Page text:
Go to the Ozarks
Most Ozark streams are clear, cold, and fast-moving. Those qualities come from water deep within the earth, and that water emerges in a spring.
There are more than 50 springs in the Ozark National Scenic Riverways. The indians called this blue spring because of its intense blue color.
Each spring here has its own characteristics and forms in a very interesting way.
"Karst topography is what makes everything work in this area. What it is, is it is limestone rock that has been eaten away by water and has been dissolved. So when the rain comes down, it comes in and flows down into sinkholes or down through the limestone and into the underground aquifers and then springs such as this one ... pop out."
Springs normally rise in pools and cascade into what is called a spring branch. The spring branch generally flows less than a mile to a larger river, such as the Jack's Fork or current.
Only a few of the larger springs are well-developed and easily accessible to visitors. Alley Spring is one of them. Indians clustered near the spring thousands of years ago, and in 1839, Alley Spring was built to grind wheat and corn for local farmers, and what a picturesque place for a mill it was. Alley Spring pumps 81 million gallons of water per day into the Jack's Fork River.
Others along the stretch of rivers are round springs located on the current river, which increases the river's flow by 40 million gallons of water every day.But the mother of all springs in Missouri is called Big Spring. As much as 800 million gallons of water have poured out from openings in these limestone bluffs. The beautiful spring, with its constantly bubbling waters, is the largest in Missouri, the fourth largest in the U.S., and the ninth largest in the world.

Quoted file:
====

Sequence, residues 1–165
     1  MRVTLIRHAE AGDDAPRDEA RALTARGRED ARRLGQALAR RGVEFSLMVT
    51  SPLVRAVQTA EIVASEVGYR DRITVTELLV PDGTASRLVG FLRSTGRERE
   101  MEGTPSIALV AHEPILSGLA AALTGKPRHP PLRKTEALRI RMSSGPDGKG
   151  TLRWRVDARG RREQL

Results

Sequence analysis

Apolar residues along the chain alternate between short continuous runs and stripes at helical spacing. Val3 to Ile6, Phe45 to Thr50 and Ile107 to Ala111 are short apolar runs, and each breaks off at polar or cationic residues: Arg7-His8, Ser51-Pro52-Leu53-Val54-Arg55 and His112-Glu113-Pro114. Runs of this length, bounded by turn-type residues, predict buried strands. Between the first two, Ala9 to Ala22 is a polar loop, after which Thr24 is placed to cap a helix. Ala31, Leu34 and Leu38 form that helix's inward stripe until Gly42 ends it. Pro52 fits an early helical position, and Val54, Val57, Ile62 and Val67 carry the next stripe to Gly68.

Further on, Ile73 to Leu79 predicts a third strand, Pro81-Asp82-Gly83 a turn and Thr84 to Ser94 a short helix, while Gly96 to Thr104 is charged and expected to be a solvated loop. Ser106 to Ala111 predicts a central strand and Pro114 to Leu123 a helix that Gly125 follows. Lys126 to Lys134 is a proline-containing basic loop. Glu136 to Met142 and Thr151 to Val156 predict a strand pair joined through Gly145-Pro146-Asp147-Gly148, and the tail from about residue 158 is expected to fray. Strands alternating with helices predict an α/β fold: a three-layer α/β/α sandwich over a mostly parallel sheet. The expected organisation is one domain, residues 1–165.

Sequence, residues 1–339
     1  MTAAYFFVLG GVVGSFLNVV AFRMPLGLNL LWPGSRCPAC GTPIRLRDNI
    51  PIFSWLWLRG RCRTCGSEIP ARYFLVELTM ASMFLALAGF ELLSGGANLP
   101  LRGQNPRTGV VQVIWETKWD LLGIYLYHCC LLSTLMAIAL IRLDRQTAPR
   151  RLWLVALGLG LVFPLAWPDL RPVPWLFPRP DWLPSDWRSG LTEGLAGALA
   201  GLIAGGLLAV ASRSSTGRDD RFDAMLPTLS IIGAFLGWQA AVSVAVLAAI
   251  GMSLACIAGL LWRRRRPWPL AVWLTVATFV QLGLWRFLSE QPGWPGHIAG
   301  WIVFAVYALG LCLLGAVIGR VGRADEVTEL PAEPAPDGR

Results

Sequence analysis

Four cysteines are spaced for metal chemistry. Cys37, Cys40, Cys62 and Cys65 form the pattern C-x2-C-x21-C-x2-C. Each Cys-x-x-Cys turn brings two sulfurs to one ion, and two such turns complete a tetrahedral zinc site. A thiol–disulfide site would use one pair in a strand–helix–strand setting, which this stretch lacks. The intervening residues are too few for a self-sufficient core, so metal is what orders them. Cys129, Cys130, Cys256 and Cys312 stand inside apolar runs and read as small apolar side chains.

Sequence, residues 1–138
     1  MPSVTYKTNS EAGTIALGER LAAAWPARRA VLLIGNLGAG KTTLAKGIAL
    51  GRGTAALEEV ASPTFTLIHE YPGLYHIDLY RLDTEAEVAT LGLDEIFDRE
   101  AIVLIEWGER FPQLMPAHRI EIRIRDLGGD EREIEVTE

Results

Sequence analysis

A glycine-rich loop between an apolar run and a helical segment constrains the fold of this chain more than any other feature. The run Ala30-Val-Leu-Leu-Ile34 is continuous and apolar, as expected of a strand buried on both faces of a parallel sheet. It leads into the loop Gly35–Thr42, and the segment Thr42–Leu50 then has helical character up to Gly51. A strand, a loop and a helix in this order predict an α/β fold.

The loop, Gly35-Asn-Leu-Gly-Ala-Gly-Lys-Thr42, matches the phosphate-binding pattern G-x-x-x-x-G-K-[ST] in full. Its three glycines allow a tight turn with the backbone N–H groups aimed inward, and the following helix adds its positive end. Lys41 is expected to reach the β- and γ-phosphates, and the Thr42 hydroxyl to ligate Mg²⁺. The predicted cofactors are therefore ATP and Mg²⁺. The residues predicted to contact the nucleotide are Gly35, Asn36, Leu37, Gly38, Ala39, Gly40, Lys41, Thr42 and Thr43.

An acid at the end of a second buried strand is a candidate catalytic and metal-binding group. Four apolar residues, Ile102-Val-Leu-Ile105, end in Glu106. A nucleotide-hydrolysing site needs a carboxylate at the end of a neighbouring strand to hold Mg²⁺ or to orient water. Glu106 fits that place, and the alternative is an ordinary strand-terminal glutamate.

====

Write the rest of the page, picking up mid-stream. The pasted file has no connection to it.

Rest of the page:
Another interesting place is Rocky Falls. Rocky Falls is a place where during the summer you may see people playing in the water or on the rocks or just enjoying the beautiful scenery. It forms where Rocky Creek falls over this rock ledge and eventually flows into the current river.
The natural phenomena of springs and waterfalls is not only amazing, but the scenery around them can be breathtaking. Visitors and park staff say one of the best times to visit southeast Missouri is during the autumn when the hills are vibrant in color.
The peak of that fall color will likely occur over the next two weekends.For a link to the fall color report, go to KOMU.com.